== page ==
Re: “Four artists competing to design piece for first roundabout” (June 17, Page B1):

Once again Portland’s Public Art Committee seems to be avoiding an opportunity to promote art that deals with public issues or local or national historical memory.

Although it is hard to tell from the pictures in Monday’s paper (the online version was somewhat clearer), the four proposals for the roundabout heading into the University of Southern Maine seem pretty ahistorical, not actually related to the immediate context and safe. Whether the artists actually know much about Portland, much less that particular part of Portland, is unclear. (Maybe they do). Maybe someone might remember whose land and home it was before the English invaded.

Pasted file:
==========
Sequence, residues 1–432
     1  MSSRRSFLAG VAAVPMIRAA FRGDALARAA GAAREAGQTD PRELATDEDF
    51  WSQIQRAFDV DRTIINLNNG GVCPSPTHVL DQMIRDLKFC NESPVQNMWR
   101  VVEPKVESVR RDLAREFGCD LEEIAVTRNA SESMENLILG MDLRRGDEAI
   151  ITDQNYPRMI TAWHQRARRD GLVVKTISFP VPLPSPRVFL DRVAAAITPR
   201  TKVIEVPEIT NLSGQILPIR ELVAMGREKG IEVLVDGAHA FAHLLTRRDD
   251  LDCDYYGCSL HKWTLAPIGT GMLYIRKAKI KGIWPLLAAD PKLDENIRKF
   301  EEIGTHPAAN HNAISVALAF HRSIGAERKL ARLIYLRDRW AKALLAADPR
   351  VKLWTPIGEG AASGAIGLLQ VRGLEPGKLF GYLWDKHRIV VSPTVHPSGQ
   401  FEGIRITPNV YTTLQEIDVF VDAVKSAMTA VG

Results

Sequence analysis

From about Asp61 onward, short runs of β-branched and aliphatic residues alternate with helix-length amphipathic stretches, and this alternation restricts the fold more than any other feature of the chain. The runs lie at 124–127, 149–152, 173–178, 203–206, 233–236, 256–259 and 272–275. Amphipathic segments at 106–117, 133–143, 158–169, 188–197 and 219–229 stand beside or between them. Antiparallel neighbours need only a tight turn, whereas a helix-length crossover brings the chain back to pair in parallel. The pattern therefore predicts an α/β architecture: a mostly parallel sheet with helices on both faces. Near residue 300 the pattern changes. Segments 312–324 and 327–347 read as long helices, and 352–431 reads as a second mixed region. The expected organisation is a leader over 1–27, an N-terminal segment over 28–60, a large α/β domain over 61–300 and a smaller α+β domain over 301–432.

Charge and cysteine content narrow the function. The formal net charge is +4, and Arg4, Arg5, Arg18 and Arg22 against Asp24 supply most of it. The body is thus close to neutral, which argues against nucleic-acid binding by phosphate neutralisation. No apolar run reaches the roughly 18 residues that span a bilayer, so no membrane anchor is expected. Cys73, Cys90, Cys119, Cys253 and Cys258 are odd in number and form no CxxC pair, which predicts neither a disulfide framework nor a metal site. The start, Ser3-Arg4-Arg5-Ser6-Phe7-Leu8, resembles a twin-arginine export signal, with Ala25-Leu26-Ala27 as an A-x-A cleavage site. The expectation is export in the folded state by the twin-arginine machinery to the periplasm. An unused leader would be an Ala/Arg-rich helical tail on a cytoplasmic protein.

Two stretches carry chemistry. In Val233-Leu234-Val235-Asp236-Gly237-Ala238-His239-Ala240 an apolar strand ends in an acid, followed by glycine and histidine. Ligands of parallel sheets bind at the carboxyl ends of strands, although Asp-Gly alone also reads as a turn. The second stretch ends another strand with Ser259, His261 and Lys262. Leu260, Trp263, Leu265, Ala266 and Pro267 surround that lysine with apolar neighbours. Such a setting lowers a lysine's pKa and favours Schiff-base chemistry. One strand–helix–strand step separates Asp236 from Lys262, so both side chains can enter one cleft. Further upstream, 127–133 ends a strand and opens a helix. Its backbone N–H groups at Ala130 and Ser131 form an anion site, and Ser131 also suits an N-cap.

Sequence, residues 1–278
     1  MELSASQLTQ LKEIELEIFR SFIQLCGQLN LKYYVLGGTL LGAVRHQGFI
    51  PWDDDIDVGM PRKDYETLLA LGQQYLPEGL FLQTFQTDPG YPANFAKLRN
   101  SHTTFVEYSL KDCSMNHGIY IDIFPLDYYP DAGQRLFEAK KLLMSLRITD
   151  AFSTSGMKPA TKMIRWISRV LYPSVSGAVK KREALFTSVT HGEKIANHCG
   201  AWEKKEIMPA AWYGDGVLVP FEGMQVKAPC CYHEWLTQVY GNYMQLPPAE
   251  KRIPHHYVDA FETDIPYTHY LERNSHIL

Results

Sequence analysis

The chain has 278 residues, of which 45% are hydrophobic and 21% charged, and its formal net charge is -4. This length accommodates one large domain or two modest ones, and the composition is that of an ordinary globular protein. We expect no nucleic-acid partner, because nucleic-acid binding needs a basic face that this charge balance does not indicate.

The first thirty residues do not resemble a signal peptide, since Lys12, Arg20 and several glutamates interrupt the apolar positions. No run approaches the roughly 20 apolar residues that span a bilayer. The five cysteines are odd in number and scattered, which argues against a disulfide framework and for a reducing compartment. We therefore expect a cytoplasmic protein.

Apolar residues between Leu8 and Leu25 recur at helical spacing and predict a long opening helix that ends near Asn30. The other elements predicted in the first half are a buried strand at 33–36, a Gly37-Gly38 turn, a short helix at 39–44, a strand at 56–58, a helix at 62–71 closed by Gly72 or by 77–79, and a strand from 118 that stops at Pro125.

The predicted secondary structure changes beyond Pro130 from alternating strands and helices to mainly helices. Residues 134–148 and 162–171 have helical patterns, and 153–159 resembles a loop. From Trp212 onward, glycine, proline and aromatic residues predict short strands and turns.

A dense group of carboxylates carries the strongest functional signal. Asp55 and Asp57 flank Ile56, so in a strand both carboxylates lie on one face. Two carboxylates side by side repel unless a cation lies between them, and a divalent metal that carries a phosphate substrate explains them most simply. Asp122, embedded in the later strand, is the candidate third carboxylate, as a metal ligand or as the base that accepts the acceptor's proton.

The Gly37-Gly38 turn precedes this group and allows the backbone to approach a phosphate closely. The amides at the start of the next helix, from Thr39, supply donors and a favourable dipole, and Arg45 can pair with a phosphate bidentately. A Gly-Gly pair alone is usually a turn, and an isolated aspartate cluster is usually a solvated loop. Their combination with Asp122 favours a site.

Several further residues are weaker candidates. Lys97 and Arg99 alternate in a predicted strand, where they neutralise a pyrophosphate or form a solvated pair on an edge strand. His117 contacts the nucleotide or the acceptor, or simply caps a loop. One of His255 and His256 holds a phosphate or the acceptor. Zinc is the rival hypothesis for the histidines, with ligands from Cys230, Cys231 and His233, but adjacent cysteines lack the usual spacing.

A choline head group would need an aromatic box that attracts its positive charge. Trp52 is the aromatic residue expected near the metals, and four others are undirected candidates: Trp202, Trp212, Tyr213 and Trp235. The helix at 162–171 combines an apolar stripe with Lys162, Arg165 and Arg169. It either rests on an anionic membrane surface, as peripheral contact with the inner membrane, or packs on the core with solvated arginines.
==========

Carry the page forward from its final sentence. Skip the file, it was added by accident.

While other cities are engaged in debates over the meaning of memorials or ways to be more inclusive in remembering their past, or controversies over which people deserve commemoration, and some even decide to add statues of real historical women, there seems none of this willingness to engage in debate. The murals movement in Portland (and Gorham) fills the gap in many excellent ways, but it is not a substitute for public sculpture.

It’s a difficult, if not impossible, challenge to design art for a roundabout that will offer something of interest and not distract drivers, bicyclists or pedestrians. If the piece needs to be safe and not distracting, maybe it should just be a tree. Put lights on it in winter.

If, however, the object is to represent education and perhaps also a more diverse city and university, well, maybe that art should include more people. (One proposal appears to include a figure. Maybe a more complete illustration would help.) Or it could cause controversy. You can just play it safe, but what will people learn from the roundabout?

Eileen Eagan


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